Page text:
Sawbones

Publisher: Walker Books

Review

In 18th century London, 16-year-old Ezra is working as apprentice to a highly respected surgeon, William McAdam. He knows that his impressive knowledge of anatomy and skill at the dissection table will ensure he has a trade for life. Yet whilst he is grateful to his master, who rescued him from a life of slavery, Ezra is eager for independence and to be his own man.

Then a strange series of events changes everything. Now, McAdam is dead, and Ezra is alone - except for the unconventional Miss Loveday Finch, daughter of a magician, who is looking for answers about her father's death. Soon, the pair find themselves tangled in an adventure featuring grave-robbing, body-switching and political intrigue, which takes them a journey across London from the Operating Theatre at St Bart's, to the vaults of Newgate Prison, to the shadowy Ottoman Embassy.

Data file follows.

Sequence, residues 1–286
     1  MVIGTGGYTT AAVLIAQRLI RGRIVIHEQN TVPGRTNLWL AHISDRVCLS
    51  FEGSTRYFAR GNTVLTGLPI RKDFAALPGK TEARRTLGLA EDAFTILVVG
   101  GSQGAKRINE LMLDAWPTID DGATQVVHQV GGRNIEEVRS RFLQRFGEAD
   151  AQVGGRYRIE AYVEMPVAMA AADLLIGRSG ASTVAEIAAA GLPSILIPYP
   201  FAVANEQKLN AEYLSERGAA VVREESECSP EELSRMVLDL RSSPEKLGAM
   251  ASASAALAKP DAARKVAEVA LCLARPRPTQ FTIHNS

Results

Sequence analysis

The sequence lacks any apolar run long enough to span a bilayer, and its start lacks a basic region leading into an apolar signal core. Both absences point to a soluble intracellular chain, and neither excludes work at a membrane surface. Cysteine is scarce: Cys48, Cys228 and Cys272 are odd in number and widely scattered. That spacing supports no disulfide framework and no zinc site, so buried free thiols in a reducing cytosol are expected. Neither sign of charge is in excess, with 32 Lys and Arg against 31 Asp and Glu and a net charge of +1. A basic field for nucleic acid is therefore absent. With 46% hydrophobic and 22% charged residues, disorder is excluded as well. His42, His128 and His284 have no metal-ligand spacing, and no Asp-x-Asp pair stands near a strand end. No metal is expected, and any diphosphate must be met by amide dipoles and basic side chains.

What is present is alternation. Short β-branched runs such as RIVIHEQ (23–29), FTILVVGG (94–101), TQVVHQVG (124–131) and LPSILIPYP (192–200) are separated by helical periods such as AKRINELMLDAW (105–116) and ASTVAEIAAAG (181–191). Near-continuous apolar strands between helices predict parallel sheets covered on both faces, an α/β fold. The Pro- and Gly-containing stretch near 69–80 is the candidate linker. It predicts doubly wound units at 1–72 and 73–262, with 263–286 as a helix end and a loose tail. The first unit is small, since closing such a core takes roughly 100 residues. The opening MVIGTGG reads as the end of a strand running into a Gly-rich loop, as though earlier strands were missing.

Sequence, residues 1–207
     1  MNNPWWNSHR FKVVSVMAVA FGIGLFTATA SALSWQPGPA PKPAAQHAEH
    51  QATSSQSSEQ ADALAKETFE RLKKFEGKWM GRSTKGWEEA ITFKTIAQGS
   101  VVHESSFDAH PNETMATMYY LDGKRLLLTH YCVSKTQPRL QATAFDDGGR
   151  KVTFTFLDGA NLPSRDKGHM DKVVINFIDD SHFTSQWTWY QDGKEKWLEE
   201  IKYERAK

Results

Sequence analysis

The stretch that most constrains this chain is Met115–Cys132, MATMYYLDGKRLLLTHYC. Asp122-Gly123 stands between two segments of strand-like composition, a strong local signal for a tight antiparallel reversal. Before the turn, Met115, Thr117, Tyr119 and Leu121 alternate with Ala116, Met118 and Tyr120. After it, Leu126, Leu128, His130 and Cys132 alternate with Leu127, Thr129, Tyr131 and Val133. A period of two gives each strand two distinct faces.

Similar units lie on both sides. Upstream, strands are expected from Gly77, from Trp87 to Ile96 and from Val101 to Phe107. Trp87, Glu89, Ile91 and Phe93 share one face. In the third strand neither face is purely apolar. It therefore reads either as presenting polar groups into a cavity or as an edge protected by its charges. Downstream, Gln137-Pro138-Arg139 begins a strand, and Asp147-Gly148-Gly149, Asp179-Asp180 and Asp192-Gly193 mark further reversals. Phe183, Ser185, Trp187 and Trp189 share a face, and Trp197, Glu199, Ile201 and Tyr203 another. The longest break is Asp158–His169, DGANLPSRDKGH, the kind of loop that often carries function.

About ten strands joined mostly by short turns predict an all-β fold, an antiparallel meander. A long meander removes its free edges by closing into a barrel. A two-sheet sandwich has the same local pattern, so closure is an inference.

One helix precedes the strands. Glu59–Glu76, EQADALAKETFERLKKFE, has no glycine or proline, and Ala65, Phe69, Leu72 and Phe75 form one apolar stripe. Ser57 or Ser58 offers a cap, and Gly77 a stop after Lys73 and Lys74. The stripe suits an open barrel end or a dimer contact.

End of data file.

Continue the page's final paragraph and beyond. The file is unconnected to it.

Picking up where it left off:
This exciting mystery story has plenty of gore from its opening pages, and is sure to grab the attention of young readers who enjoy gripping crime thrillers. Yet Sawbones also offers much more than blood and guts: Catherine Johnson has penned a clever historical novel that provides a fascinating insight into an aspect of the 18th century, which is likely to be unfamiliar to many readers. The pragmatic, scientifically-minded Ezra and the wild, tempestuous Loveday perfectly capture two sides of 18th century thought - empiricism and romanticism - and Johnson clearly takes pleasure in subverting conventional stereotypes of race and gender. Both thought-provoking and accessible, this is an impressive historical adventure.

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